The men were thrown out of the Catholic Church in 1988 for being ordained without permission. They and the 600,000 members of their society reject the modernization of the Catholic Church that came about after the Second Vatican Council in the 1960s, which included priests facing the congregation and speaking in the vernacular instead of in Latin.

Jewish organizations have been quick to condemn the move by German-born Pope Benedict XVI, who has long sought to end the schism in the Catholic Church. Rabbi David Rosen, head of the American Jewish Committee, contrasted the pope's actions with those of his predecessor. "In welcoming an open Holocaust denier into the Catholic Church without any recantation on his part, the Vatican has made a mockery of John Paul II's moving and impressive repudiation and condemnation of anti-Semitism," he told Reuters.

On Saturday, Shimon Samuels of the Simon Wiesenthal Center in Paris said that he understood the Vatican's desire for Christian unity but said that the pope could still have excluded Williamson. "I'm certain as a man who has known the Nazi regime in his own flesh, he understands that you have to be very careful and very selective."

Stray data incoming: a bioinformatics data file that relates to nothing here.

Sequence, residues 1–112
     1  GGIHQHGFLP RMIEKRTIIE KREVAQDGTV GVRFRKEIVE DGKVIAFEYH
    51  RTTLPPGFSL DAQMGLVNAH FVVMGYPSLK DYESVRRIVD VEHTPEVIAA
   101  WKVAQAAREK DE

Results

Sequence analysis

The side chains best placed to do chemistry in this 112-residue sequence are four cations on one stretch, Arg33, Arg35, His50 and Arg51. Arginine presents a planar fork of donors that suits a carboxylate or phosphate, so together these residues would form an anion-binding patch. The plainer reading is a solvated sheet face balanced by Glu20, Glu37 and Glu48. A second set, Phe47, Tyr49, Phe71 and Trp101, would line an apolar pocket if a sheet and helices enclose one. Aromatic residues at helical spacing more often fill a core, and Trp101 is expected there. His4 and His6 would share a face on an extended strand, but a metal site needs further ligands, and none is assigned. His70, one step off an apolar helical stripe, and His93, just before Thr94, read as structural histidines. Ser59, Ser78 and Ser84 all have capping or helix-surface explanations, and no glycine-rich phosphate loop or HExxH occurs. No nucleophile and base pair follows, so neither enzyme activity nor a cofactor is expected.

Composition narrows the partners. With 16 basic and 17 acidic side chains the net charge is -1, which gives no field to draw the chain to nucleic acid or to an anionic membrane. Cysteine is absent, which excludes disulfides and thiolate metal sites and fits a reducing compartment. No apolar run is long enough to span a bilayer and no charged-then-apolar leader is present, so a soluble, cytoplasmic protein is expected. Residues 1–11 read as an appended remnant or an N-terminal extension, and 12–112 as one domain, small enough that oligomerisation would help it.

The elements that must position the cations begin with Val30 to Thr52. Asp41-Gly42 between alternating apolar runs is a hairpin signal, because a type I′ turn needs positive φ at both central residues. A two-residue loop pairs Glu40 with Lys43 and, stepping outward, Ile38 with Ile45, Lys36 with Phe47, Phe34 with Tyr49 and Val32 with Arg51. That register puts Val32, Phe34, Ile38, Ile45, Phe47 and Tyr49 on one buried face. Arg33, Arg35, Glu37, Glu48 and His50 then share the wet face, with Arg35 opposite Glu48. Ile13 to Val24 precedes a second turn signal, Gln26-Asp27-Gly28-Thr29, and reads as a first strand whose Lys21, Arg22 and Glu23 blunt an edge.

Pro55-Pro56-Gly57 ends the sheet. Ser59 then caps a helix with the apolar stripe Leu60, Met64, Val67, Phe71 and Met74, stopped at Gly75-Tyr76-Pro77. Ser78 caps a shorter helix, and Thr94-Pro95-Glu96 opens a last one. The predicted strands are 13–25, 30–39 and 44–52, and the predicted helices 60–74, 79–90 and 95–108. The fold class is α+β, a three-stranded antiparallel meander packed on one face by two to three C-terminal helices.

"We have no intention of interfering in the internal workings of the Catholic Church," Israel's Ambassador to the Vatican Mordechai Lewy told Reuters. "However, the eagerness to bring a Holocaust denier back into the Church will cast a shadow between Jews and the Catholic Church."

Meanwhile in Germany, the vice president of the Central Council of Jews, Dieter Graumann, has accused the pope of an "incomprehensible act of provocation." Speaking to the Handelsblatt newspaper on Sunday, Graumann said: "The fact that it is of all things a German pope who conjured up this new ice age between Jews and the Catholic Church … that is something particularly painful, astonishing and deplorable."

The Vatican has said that Williamson's comments on the Holocaust had no bearing on the excommunication issue. "This act regards the lifting of the excommunications, period," Vatican spokesman Father Federico Lombardi told reporters. "It has nothing to do with the personal opinions of one person, which are open to criticism, but are not pertinent to this decree."

This apparent tin ear on the part of the Vatican comes at a time when relations are already strained with the Jewish community due to moves to have the war-time Pope Pius XII, who is accused by some of having turned a blind eye to the mass deportation and murder of Jews, named a saint.